Inter Press Service website. If China needed another prompt that the European powers have finally woken up to the fact they were losing the competition for the Africa pie, it came with France’s bid to recapture lost ground this month. French President Nicolas Sarkozy presided over the 25th Africa-France summit in Nice where for the first time he tacitly acknowledged the success of China’s expansion in Africa by calling on French businesses to emulate it.
Without mentioning China by name, Sarkozy declared it was time for Europe to use infrastructure investment along with development aid and fight to increase its influence in Africa once again. “Africa is our future… the African continent is asserting itself more and more as a major player in international life,” said Sarkozy. “We cannot govern a 21st century world with a 20th century institution”.
The two-day summit, which ended June 1, 2010, underscored Europe’s new drive to step up its investment in Africa and imitate China’s successful formula of undertaking infrastructure projects and supporting private investment to win hearts and minds.
To make his message heard Sarkozy had invited executives of some of France’s leading companies: Areva, the country’s nuclear giant, oil giant Total, France Telecom, Veolia, the world’s largest water supply company and others.
“This summit is meant to bring policy and reality closer and facilitate French businesses to expand in Africa,” says Anna Stahl, researcher with the Institute for European Studies of Vrije Universiteit in Brussels.
“European Union (EU) businesses have been reluctant to engage in Africa and Chinese companies that enjoy the backing of the state have had the advantage. Now France wants to lend support to its companies and redress the situation.”
While EU policy towards Africa has always featured an economic aspect, the model of preferential trade combined with aid was dominant, according to Stahl. “Now the discourse has become more pragmatic,” she says.
The change is dictated by the staggering figures of China’s expansion in Africa. A recent report in China’s ‘21st Century Business Herald’ newspaper said China’s direct investment in Africa has increased more than ten-fold, jumping from a modest 80 million US dollars in 2003 to 1.36 billion dollars in 2009.
At the 2009 Forum on China-Africa Cooperation (FOCAC) held in the resort town of Sharm el-Sheikh in Egypt, Beijing committed to 10 billion dollars in low-cost loans and an additional one billion dollars in loans to support the growth of small and medium African enterprises.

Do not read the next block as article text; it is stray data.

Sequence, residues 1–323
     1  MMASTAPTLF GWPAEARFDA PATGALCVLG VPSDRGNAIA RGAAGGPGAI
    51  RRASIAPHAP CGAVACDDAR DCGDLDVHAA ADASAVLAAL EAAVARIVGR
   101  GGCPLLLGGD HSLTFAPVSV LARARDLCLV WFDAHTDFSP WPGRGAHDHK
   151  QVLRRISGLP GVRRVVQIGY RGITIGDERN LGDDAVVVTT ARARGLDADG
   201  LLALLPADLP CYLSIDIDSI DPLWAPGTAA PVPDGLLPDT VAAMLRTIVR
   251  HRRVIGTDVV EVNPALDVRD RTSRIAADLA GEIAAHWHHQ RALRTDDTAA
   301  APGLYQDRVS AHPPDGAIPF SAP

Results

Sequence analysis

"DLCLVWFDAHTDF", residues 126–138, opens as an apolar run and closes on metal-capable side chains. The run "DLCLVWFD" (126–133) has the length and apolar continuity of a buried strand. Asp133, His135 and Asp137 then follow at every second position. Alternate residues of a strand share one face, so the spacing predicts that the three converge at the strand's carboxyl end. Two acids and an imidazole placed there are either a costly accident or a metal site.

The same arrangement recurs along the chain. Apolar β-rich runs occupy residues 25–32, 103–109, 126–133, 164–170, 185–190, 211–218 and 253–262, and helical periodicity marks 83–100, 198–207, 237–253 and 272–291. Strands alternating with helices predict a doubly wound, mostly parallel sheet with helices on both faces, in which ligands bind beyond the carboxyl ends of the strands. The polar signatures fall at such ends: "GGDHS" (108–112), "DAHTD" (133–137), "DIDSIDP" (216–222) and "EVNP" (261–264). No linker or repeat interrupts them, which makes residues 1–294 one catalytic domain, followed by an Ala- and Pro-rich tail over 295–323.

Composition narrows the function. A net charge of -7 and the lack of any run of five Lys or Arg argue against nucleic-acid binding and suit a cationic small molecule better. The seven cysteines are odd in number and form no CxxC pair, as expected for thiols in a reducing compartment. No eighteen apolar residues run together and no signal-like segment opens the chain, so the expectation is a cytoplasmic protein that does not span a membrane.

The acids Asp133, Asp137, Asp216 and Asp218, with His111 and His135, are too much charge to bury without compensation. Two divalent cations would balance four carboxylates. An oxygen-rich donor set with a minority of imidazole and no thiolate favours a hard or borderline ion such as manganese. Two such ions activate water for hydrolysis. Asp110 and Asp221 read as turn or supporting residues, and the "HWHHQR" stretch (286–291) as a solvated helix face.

At about the same time that President Sarkozy was meeting African leaders in Nice, China was holding its own seminar on how to counter negative perceptions about its rise in Africa.
Recent official media reports have been full of headlines like “the West envies China’s sway in Africa” (the Global Times) and “China and the West spar over diplomatic ethics in Africa” (Xinhua news agency’s website).
Chinese companies have encountered upsets in several African countries where they have invested to gain valuable assets – being accused of turning a blind eye to corruption and violating local laws. All this has fuelled a climate of suspicion in China that the West is waging a covert war to frustrate China’s expansion in Africa.
“China’s behaviour in Africa plays by the rules set by western powers themselves,” said an article in the Chinese edition of Global Times. “While no western government can speak out publicly against China’s investment in the continent they have mobilised the media and various non-governmental organisations to find faults with China”.
‘The 21st Century China-Africa Investment and Cooperation Forum’ held in Beijing on May 28 revealed China was shifting gears to engage more players in its dealings with African countries, courting relations with commercial associations and social groups beyond the immediate ruling elites.
“Chinese media needs to ‘go out’ too and explain to African people what China’s development model is all about,” Xie Boyang, vice-chairman of the China-Africa Business Council, was quoted as saying at the forum. Xie claimed the absence of Chinese media in Africa meant that its investment there was being misrepresented by western media as “the return of colonialism”.
But some of the participants in the forum spoke also about the Chinese mining companies in Zambia and other African countries that have been found to use obsolete and highly-polluting equipment that has been banned inside China by the country’s new stringent environmental policies. Calls were heard too about the need to rethink China’s quest at all cost to control energy assets in Africa that is fuelling anti-Chinese perceptions.
China’s re-examination of its practices in Africa comes at a time when the EU is wrestling to clarify its own position towards China’s expansion on the continent.
Two years ago the EU approached Beijing with a trilateral initiative on Africa, suggesting China and the EU should work on a partnership that involves Africa as an equal partner. But the response from Beijing has been lukewarm.
“They don’t see the trilateral initiative as their own,” says Stahl. “They worry that agreeing to it could be interpreted by the Africans as if China and the EU are negotiating above their heads.”
This article, published on Inter Press Service website, was written by Antoaneta Becker, China Correspondent for the Inter Press Service.